Gertie and Geert van den Goor
Transplants from the Netherlands, the Van den Goors milk 3,000 cows at their Goma Dairy and were named 2014 Dairy Farmers of the Year by Michigan State University.
Many things play a role in cow comfort, but let’s narrow it down to a few.
The first thing that comes to my mind thinking about cow comfort is bedding--sand bedding to be precise. When we bought the dairy farm, the freestalls had mattresses in it. We used those with sawdust, with lime, with a combination of both but the cows never seemed to be comfortable.
So we ripped the mattresses out, took out the concrete, poured new curbs and added tons of sand. Within a week, the cows were up seven pounds in production. And it did not take long before improving feet and leg health started to show.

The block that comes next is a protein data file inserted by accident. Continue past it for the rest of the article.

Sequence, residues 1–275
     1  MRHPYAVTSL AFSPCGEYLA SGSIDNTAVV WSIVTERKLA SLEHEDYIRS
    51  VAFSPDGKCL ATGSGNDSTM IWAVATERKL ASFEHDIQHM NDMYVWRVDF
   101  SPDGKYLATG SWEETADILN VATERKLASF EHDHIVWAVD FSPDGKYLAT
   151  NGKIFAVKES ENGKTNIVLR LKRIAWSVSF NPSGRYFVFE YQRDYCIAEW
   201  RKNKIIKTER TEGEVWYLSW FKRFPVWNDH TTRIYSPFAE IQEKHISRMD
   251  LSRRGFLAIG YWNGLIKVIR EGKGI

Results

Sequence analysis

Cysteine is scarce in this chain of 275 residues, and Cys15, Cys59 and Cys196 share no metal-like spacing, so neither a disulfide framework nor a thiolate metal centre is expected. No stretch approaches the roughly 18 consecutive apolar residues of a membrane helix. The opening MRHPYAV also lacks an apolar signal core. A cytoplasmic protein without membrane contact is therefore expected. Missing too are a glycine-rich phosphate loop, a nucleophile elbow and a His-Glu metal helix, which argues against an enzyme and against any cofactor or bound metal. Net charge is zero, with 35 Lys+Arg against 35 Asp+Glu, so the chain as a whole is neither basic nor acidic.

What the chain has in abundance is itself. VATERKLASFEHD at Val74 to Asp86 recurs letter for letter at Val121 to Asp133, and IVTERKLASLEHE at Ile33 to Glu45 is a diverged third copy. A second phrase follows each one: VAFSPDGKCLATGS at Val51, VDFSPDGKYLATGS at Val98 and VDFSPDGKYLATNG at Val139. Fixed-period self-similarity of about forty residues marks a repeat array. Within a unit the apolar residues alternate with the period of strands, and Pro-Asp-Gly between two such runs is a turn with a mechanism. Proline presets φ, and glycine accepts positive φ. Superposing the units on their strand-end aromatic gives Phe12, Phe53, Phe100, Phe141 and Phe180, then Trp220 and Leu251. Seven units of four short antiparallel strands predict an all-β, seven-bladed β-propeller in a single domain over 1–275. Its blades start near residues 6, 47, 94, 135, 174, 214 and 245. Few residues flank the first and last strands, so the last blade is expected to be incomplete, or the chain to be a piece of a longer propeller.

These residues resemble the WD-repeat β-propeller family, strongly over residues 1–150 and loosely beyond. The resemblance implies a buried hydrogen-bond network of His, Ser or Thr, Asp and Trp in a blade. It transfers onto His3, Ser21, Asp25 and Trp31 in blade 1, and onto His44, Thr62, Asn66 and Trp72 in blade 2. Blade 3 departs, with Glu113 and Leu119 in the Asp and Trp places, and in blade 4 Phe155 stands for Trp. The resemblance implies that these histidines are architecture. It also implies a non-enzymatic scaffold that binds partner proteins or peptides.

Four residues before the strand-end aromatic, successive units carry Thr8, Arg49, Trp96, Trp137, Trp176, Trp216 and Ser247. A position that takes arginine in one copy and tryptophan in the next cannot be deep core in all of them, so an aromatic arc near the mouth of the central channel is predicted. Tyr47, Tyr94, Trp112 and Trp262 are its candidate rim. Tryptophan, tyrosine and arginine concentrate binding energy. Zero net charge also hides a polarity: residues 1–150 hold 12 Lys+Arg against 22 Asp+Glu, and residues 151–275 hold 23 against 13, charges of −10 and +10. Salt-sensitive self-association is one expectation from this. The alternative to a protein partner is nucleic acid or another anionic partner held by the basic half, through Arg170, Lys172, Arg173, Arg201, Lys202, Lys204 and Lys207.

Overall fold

Since then, every new barn that we built has sand bedding in it. Last week at the county fair, there were dairy cows that came out of a sand barn and out of a non-sand barn. Just by looking at them, you could see a big difference in leg health.
The size of the free stalls is important, too. Stalls are 48” wide and 7.5’ long. That seems to work pretty well for the very uniform size of cows that we have.
In the milking parlor, for the past few years, we have mats on the platform where the cows turn. Looking back, that is something we should have done right away when the new parlor was built and when the new cement was hard on cows’ feet.
Fans and sprinklers are important during hot weather. On hot days, you see the cows come up to the feed alley when the sprinklers kick in to cool down and they stay to eat. The holding pen has sprinklers, to,o where the cows are being soaked before coming into the parlor.
As last, I think stocking density also plays a big part in cow comfort.
We try not to overcrowd the pens too much. For milk cows we are around the 115%, fresh cows 80%, dry cows 100% and pre-fresh cows between the 80% and 100%.